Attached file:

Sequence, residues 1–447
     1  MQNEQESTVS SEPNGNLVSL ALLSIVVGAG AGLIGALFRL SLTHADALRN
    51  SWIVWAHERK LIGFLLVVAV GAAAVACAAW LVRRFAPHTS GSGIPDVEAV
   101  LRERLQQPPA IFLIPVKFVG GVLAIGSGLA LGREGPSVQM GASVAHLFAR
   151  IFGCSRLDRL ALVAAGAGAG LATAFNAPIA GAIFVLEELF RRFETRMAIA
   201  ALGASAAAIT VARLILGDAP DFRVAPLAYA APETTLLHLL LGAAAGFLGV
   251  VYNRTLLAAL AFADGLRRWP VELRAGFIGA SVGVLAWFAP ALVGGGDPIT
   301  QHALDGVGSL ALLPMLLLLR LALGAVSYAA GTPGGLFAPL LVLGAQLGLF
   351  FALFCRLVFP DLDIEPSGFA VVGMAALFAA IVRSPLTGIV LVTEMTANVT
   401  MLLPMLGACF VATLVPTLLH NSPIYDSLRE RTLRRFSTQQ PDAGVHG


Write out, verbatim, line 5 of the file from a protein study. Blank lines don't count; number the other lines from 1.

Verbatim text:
   151  IFGCSRLDRL ALVAAGAGAG LATAFNAPIA GAIFVLEELF RRFETRMAIA